Friday, October 7, 2011

Feast Day: Our Lady of the Rosary

Our Lady of The Rosary calls
humankind to love of her Son
through praying the Rosary and
meditating on the mysteries of Christ's life.
Pope St. Pius V established this feast in 1573. The purpose was to thank God for the victory of Christians between the Turkish and British Navies at Lepanto. The victory at Lepanto is considered to be one of the greatest in naval history, since the Christians easily defeated an army reported to be about three times larger in number. The quick and pronounced victory by the Holy League was attributed to the help of the Mother of God whose intercession was invoked by the soldiers through the praying of the Rosary for three hours, during which time the wind shifted in their favor.

Our Lady of the Rosary at the Battle of Lepanto
Today, the entire month of October is dedicated to praying the Rosary, a mental and vocal prayer of great depth in which Christians are drawn into the healing and regenerative mysteries of Christ's life, just as the Virgin Mary unceasingly directs all the faithful toward her Son: the Savior of humankind. It is no exaggeration to say that, if we desire to know Jesus Christ, we ought to diligently and with love seek to know the Mother of God whose holy womb nourished and protected the infant Jesus, and whose entire life was and is lived in complete union with her Son's divine purpose.

Blessed John Paul II tells us: "The Rosary, though clearly Marian in character, is at the heart a Christocentric prayer. In the sobriety of its elements, it has all the depth of the Gospel message in its entirety, of which it can be said to be a compendium. . . . Through the Rosary the faithful receive abundant grace, as though from the very hands of the Mother of the Redeemer" (Rosarium Virginis Mariae, Introduction).

The word rosary means "crown of roses." St. Louis De Montfort professes the Rosary to be a "priceless treasure which is inspired by God," and the "mystical rose tree of Jesus and Mary in life, death, and eternity." He tells us that reciting the Rosary produces spiritual roses which will "never wilt or die, and they will be just as exquisite thousands of years from now as they are today" (The Secret Of The Rosary 9, 13).

Rosary means Crown of Roses
St. Louis De Montfort teaches that the Rosary is principally and in substance composed of the Prayer of Christ (The Our Father) and the Angelic Salutation (The Hail Mary; see Lk. 1:26 ff.). Therefore, in a sense, the Rosary dates to that pivotal day when the angel Gabriel greeted Mary with the words: "Hail, favored one! The Lord is with you" (Lk. 1:28). The Rosary thus becomes the "first prayer and the first devotion of the faithful" (The Secret Of The Rosary 17).

However, it was in the year 1214 that the Catholic Church received the Rosary in its present form, when it was given to St. Dominic from our Blessed Mother to be used as a powerful instrument of conversion in order to turn the hearts of the Albigensians back to God.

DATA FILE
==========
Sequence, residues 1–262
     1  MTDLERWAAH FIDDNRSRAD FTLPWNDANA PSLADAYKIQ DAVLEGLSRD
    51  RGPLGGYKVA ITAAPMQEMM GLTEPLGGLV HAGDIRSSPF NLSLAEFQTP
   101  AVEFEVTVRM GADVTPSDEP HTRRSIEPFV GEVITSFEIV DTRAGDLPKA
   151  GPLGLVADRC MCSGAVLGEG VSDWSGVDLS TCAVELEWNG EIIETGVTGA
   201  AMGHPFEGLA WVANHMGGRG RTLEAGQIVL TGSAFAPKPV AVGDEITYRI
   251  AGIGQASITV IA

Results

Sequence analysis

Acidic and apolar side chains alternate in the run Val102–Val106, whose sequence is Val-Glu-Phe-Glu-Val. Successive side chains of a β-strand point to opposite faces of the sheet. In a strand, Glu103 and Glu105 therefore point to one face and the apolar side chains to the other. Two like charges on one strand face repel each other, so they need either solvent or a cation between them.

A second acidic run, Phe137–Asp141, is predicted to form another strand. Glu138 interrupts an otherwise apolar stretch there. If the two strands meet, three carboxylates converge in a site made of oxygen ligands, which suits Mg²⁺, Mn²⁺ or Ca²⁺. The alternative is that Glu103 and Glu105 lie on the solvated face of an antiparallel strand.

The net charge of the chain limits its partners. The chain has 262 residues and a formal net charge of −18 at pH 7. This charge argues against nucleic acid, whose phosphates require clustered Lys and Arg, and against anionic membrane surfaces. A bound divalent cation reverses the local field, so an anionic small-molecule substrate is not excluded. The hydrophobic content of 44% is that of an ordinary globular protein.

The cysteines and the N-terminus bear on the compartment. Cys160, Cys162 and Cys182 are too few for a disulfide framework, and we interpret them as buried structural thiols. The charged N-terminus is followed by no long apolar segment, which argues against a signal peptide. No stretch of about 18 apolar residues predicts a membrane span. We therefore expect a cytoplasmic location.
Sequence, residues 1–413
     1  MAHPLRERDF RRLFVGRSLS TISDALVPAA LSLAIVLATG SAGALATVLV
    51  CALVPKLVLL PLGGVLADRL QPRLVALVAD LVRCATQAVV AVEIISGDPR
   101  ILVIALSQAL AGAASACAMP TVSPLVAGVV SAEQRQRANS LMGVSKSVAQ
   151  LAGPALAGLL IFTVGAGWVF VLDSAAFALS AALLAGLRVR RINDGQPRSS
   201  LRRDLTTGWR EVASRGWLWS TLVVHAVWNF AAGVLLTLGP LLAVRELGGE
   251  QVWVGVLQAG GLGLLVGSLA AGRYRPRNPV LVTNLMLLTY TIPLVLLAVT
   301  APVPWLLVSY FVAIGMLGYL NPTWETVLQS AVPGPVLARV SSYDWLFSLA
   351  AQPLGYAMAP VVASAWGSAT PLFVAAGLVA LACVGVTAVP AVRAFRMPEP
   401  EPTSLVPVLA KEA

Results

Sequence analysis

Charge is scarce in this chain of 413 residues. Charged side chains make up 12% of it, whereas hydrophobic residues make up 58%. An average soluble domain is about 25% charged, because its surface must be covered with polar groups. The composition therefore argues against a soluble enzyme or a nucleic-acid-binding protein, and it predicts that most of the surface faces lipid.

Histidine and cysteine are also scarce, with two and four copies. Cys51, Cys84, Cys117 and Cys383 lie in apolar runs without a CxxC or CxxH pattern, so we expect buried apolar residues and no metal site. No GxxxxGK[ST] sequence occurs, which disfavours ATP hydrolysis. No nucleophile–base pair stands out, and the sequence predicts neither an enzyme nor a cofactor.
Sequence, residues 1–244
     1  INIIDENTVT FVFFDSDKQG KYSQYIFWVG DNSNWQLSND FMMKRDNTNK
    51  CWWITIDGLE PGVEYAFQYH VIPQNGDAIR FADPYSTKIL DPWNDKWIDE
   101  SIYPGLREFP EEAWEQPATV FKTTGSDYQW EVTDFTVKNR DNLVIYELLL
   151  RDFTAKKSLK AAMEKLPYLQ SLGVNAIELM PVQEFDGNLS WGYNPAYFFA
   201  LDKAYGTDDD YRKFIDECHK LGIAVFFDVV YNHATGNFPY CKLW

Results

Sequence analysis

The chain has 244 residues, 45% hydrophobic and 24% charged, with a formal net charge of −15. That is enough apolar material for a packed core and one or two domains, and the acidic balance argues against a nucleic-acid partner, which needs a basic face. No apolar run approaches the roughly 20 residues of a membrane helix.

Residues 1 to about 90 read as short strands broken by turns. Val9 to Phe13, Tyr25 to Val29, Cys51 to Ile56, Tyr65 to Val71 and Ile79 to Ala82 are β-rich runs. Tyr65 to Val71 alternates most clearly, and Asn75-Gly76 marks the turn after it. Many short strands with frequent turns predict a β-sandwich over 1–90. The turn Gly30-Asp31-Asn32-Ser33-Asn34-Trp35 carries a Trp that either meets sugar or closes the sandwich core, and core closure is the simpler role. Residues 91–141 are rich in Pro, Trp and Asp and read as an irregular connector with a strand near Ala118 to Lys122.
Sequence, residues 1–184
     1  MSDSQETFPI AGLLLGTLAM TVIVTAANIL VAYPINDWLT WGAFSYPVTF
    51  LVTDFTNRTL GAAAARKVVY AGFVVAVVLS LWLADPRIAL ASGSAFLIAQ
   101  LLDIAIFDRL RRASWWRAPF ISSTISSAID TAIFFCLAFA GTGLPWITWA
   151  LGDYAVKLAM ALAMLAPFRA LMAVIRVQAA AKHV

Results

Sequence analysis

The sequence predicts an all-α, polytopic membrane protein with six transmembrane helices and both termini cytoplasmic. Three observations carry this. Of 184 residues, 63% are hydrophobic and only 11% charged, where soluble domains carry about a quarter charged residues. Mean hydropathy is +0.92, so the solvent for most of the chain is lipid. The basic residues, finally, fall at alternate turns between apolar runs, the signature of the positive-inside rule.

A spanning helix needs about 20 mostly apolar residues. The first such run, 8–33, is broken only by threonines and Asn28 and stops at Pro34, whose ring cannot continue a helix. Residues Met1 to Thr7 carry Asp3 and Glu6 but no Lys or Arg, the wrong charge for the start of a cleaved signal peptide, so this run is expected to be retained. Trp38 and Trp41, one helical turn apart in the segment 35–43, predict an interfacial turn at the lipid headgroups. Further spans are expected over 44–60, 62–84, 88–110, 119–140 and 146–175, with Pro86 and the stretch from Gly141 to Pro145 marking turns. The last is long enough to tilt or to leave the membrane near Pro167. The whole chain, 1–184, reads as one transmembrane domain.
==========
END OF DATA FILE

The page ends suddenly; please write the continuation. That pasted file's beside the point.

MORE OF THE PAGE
From that day forward, then as now, the Rosary has been embraced by the Catholic faithful the world over as a prayer of great power, from which graces of repentance, conversion, love of truth, and inexplicable joy flow forth from the infinite wellspring of Trinitarian Love. For those of the faithful who seek to advance in the spiritual life, it is through praying the Rosary that the indispensable graces necessary for such a sublime journey are received.

The Rosary is a strong weapon against
Satan, terrorism, war, evil...
Also, the Rosary is widely known to be an antidote against the diabolical poisons of Satan. In his encyclical Supremi Apostolatus Officio, Pope Leo XIII taught that the Rosary is an effective spiritual weapon against the evils of an ill society. Observing that there have been many "exceedingly great favors obtained" through the ages by the Christian peoples' devotion to the Rosary, he tells us: "We desire that that same devotion [to the Rosary] should be offered by the whole Catholic world with the greatest earnestness to the Blessed Virgin, that by her intercession her Divine Son may be appeased and softened in the evils which afflict us" (Introduction).

Those "evils which afflict us" in contemporary society are legion: we are daily confronted with numerous intrinsic and grave evils: the intentional killing of thousands of unborn children through abortion; the destruction of multitudes of embryonic children through IVF and embryonic stem-cell experimentation; and the continued widespread use of contraceptives in an attempt to destroy the procreative potential that should exist in each intimate union of man and wife.